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    Review of CONQUEROR'S MOON by Julian May


    Ace Books, January 2004

    When Didion not only rejected Cathra's claim of sovereignty, it executed the ambassadors, Prince Conrig of Cathra decides to claim the sovereignty by force. Of course, there's the little matter of getting an army across the high and well-defended mountains that separate the two nations, but Conrig has a plan for that--a plan based on the magical powers of the beautiful Princess Ullanoth. In return, she asks his support in her plans to be the next Queen of her own kingdom and plenty of money. Of course, a more fertile relationship isn't to be ruled out either--if Conrig's current wife can be dealt with.

    Conrig's plans would have failed quickly if not for the efforts of a young servant--Snudge. Snudge has a wild magical talent--one that even practiced mages cannot detect. The talent allows him to detect enemies spying on the prince--and track them to their hiding places. On one spy he discovers a stone that allows invisibility--a powerful tool for a spy or for a commando.

    Author Julian May offers a fascinating world and magical system. The political infighting and backbiting all ring true. Unlike much fantasy, May doesn't portray a battle of good against evil. All of the major characters, with the possible exception of the thief/spy Snudge, are morally ambivalent. Cathra's desire to conquer its neighbor may have been motivated by Didion's murder of the ambassadors, but Conrig would have attempted the conquest without the excuse. Although May's world is more real as a result of this decision, it also distances the reader from the action. Since we don't really like any of the characters (again with the possible exception of Snudge), it is hard to care too much whether Conrig's military adventure is successful or not.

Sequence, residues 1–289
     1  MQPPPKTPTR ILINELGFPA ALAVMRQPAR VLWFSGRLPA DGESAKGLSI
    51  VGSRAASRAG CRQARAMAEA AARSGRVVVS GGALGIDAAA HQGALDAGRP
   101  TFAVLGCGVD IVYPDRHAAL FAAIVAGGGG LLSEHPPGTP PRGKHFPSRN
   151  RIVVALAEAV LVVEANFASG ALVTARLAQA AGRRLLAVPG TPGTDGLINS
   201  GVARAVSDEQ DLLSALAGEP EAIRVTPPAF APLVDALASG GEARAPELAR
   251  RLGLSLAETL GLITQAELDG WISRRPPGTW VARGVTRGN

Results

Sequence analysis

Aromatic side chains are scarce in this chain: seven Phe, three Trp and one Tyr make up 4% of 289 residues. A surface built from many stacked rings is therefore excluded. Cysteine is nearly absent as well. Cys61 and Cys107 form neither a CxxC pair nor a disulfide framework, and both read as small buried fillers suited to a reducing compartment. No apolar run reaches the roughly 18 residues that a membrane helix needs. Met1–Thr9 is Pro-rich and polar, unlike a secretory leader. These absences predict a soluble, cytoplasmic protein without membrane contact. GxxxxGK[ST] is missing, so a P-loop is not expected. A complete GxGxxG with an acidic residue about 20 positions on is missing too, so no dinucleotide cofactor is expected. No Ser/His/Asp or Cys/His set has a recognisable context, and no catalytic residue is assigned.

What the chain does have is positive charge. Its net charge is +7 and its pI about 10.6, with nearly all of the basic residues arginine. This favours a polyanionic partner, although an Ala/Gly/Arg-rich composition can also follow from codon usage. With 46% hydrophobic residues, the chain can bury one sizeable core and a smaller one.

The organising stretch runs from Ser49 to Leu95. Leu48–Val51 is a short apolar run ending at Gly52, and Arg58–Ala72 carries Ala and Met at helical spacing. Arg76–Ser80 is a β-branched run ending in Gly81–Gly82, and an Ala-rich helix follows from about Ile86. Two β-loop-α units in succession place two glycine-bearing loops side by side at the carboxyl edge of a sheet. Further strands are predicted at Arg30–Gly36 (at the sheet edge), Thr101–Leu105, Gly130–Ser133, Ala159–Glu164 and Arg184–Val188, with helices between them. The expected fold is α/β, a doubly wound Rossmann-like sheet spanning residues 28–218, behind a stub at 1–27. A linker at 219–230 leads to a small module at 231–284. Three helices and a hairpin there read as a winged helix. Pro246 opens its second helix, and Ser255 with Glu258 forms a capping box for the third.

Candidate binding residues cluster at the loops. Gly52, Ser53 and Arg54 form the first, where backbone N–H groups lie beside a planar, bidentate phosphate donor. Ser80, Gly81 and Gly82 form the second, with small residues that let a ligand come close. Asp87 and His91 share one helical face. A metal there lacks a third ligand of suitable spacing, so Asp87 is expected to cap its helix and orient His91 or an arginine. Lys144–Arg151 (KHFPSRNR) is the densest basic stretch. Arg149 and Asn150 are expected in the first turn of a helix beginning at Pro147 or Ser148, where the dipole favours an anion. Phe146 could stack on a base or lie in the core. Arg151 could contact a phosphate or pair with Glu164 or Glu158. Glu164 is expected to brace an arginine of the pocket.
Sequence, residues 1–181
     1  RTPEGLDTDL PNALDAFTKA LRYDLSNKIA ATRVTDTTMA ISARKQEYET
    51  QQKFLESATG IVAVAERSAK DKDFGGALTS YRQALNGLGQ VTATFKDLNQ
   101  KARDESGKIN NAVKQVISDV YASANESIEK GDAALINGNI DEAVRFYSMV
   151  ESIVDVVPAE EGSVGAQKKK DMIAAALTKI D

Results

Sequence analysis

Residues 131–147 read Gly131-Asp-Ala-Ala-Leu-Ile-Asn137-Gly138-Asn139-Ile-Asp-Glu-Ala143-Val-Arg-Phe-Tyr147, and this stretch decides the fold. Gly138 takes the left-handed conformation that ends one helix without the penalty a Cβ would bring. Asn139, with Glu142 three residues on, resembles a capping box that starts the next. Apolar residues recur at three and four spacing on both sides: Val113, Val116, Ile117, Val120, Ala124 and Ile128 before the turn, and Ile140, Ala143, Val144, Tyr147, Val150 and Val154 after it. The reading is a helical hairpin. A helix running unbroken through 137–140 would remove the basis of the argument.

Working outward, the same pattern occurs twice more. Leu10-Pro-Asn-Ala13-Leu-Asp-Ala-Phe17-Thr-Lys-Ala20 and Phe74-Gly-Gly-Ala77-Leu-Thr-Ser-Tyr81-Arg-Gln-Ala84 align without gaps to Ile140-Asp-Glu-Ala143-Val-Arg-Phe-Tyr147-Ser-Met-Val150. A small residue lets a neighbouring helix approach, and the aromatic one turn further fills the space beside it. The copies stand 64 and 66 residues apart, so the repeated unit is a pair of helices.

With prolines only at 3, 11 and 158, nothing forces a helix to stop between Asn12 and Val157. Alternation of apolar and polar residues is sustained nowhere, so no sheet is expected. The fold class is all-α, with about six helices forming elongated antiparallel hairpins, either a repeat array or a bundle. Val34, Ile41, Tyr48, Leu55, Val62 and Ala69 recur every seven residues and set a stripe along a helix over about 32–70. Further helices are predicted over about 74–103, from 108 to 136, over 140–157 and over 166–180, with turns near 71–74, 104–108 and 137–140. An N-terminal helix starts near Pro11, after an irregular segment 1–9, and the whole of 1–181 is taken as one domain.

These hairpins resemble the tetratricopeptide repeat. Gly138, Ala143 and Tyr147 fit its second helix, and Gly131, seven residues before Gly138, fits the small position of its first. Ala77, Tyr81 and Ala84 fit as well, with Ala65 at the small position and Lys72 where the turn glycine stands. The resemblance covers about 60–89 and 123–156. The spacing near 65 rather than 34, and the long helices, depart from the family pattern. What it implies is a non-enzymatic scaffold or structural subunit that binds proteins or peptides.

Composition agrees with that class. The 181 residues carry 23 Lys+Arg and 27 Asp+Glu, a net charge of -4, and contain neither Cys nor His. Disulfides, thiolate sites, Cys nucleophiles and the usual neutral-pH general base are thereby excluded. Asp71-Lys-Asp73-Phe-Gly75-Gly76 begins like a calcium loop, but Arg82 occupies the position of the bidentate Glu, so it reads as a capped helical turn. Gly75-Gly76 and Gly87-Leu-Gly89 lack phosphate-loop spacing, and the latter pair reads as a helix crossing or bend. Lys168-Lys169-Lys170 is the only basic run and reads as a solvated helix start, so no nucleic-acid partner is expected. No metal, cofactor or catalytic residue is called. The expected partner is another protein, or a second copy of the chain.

The sympathetic character of Snudge and May's strong writing work, however. I found myself getting emeshed in the story and wanting to find out what would happen next--even when I found the characters largely unsympthetic.

    Three Stars

    Reviewed 3/07/04

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